software make the same inferences.
the declarations portion, shown in Figure 1, the remaining portion
of the first part of an OWL thesaurus output is the schema
describing the classes, subclasses and members that comprise a
thesaurus and all of the properties of each. Each of the XML
elements (e.g., <RT>) in Figure 2 is defined in the schema, as
are their properties and relationships. These definitions conform to
the OWL W3C recommendation.
first part of an OWL thesaurus output contains declarations and
classes, subclasses and their properties. It contains all of the
logic needed by a specialized agent to make sense of your thesaurus
and other OWL thesaurus resources on the Web.
second part of an OWL thesaurus contains the terms of your thesaurus
marked up according to the OWL recommendation. Figure 3 shows an OWL
output for our sample term, agrotechnology. (Note: Since
there are no values found in Figure 2 for Scope_Note, Editorial_Note,
Facet and History, these elements are not present in Figure 3.)
our infamous software agent could infer that agrotechnology
is a NarrowerTerm of biotechnology. Agrotechnology has
three NarrowerTerms, two RelatedTerms and one NonPreferredTerm. From
the OWL output, the software agent can resolve the meaning and use
of BroaderTerm, NarrowerTerm, RelatedTerm and NonPreferredTerm by
navigating to the various URLs. The agent can determine from the
schema dictates that if a term has property value, NarrowerTerm,
then it must have property type value, BroaderTerm. A term cannot be
a narrower term, if it doesn’t have a broader term. A term that is
a BroaderTerm must also be a PreferredTerm and so on.
thesaurus software agent can infer from Figure 3 that the thesaurus
it is evaluating uses agrotechnology for plant engineering.
Figure 4 identifies plant engineering as a NonPreferredTerm
and identifies agrotechnology as the PreferredTerm. (The
logic in the schema dictates that if you have a NonPreferredTerm,
then it must have a PreferredTerm.)
our software agent encounters plant engineering at another
website and uses it to locate resources there. Now the agent locates
your website. The agent would first use plant engineering.
From your OWL thesaurus output it would infer that at your site it
should use your preferred term, agrotechnology, to locate
the terms and terms relationship in your thesaurus or taxonomy would
be defined in part two of the OWL thesaurus output. It is now a Web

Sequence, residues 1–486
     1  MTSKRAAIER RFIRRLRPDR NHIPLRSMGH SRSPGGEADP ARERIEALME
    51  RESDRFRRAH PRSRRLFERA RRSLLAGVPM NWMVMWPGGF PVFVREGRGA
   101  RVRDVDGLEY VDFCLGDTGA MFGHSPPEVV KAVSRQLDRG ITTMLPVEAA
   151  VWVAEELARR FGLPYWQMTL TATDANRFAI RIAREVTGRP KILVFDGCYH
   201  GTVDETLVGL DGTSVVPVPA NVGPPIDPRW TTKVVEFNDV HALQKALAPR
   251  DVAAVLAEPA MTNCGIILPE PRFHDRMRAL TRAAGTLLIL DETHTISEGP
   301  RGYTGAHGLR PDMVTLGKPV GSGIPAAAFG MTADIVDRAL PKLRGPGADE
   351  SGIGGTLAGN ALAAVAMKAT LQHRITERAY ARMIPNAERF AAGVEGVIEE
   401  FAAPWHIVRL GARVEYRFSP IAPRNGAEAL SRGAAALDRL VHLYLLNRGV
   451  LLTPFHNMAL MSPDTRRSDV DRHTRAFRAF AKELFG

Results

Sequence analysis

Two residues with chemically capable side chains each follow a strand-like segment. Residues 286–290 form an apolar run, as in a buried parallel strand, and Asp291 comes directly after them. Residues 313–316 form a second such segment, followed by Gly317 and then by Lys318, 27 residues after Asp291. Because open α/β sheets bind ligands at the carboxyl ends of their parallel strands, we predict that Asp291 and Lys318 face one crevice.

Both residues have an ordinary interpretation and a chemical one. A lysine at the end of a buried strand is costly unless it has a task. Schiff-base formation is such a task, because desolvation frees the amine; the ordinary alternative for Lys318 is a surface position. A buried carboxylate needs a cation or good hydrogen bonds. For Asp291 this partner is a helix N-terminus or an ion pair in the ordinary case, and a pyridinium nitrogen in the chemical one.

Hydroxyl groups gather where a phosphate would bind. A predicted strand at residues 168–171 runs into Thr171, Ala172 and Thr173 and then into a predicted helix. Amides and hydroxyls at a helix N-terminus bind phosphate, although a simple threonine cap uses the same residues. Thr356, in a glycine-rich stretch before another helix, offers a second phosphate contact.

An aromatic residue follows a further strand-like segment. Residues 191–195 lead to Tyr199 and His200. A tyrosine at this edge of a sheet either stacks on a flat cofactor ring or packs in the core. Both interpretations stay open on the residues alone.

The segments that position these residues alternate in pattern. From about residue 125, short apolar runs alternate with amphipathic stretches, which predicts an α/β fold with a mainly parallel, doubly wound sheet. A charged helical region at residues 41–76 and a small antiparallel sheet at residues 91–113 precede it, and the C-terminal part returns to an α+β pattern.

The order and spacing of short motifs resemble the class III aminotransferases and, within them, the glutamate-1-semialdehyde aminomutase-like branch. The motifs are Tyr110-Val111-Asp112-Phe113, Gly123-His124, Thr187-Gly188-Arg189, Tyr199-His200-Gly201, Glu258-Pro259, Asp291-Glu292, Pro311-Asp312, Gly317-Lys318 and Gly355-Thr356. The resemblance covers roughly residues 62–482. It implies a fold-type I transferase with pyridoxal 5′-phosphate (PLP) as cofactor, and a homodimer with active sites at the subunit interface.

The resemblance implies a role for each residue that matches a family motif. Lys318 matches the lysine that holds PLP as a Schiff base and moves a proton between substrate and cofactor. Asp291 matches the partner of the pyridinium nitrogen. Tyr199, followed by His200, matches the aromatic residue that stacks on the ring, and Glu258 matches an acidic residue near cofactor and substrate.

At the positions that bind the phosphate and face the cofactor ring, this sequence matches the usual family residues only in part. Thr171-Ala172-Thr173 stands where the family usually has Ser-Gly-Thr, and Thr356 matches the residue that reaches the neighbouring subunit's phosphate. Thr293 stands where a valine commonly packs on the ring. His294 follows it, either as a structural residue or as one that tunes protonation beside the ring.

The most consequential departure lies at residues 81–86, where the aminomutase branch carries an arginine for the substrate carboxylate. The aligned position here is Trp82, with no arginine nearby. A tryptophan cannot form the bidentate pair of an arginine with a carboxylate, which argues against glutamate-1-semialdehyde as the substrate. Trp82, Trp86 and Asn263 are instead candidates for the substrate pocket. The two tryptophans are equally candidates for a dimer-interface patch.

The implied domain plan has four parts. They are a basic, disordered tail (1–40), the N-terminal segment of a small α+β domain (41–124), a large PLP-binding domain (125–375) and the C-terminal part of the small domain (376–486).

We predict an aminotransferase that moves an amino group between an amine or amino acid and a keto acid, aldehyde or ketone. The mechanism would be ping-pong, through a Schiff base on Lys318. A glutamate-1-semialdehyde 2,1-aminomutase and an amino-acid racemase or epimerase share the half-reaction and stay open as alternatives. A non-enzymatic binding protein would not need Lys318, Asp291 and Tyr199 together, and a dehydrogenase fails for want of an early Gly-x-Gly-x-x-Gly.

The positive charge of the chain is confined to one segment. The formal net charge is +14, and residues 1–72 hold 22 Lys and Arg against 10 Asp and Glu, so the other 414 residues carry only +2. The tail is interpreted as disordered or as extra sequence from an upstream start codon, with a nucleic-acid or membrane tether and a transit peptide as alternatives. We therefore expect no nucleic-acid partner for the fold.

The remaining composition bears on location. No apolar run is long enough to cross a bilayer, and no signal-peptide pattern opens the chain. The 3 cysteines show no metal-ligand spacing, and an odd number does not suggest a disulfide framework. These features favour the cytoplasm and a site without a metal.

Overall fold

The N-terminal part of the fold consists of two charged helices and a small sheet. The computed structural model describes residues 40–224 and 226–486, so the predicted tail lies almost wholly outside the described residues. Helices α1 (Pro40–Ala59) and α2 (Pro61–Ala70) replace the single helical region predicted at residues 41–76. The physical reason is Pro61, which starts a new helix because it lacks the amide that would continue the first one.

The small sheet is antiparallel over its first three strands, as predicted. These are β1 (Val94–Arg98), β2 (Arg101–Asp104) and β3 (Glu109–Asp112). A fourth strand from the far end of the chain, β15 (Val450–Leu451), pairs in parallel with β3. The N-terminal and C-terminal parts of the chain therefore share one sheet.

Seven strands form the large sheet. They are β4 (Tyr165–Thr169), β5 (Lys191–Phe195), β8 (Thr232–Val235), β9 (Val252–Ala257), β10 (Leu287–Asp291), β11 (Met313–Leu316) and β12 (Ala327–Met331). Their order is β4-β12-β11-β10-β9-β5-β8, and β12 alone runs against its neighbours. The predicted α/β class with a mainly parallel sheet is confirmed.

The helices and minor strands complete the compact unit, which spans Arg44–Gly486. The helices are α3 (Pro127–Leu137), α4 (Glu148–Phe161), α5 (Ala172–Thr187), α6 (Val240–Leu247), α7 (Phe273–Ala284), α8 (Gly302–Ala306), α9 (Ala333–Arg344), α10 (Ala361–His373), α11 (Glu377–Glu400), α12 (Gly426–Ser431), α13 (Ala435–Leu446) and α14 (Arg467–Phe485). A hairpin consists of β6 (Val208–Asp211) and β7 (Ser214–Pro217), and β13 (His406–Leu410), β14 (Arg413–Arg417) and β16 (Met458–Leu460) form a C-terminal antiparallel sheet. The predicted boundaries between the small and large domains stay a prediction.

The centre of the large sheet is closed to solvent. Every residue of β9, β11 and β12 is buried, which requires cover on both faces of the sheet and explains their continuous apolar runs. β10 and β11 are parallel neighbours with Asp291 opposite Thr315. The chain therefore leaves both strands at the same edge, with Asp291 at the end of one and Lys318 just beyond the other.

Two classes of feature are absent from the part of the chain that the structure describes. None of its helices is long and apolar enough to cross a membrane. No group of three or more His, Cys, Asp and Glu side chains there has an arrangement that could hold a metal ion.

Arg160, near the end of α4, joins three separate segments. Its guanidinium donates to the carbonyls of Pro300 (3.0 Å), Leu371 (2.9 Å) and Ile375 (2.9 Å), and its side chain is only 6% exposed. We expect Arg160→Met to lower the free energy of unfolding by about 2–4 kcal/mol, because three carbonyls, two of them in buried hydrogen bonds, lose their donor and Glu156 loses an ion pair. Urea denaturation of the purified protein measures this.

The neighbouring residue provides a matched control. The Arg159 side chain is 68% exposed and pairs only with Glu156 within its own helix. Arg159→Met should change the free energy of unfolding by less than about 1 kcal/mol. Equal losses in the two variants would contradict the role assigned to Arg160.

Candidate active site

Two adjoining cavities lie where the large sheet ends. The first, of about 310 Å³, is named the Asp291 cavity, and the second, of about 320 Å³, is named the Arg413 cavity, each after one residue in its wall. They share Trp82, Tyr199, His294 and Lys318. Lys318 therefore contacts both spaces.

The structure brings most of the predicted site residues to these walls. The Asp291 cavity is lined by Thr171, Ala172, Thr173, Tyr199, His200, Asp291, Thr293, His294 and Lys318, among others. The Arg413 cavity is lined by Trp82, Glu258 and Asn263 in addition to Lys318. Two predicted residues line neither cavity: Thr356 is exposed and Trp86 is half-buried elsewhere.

resource that can be used by software agents. Since it is designed
to be distributed and referenced, a given base OWL thesaurus can
grow as other thesaurus ontologies reference it.
Even a thesaurus wrapped in OWL falls short of the full
potential of the Semantic Web. This first order output allows other
thesaurus applications to make inferences about classes, subclasses
and members of a thesaurus. By reading the OWL wrappings, any
thesaurus OWL software agent can make useful infers. By using
classes, subclasses, and members and their properties, Web software
agents would be able to reproduce the hierarchical structure of a
thesaurus outside of the application used to construct it.
a lot is still missing. For example, knowing a term's parent,
children, other terms it is related to and terms it is used for does
not tell you what the term means and what it might be trying to
describe. Additional classes, subclasses and members – all
with properties – are needed. How a term is supposed to be used
and why one term is preferred over another would be enormously
useful properties for improving the performance of software agents.
difficult layer of semantic meaning is the relationship between a
thesaurus term and the entity, or object, it describes. An
assignable thesaurus term is a member of class PreferredTerm. When
it is assigned to an object, for example a research report or Web
page, that term becomes a property of that object. For a Web page,
descriptive terms become attributes of the Meta element:
NAME="KEYWORDS" CONTENT="content management software,
xml thesaurus, concept extraction, information retrieval, knowledge
extraction, machine-aided indexing, taxonomy management system, text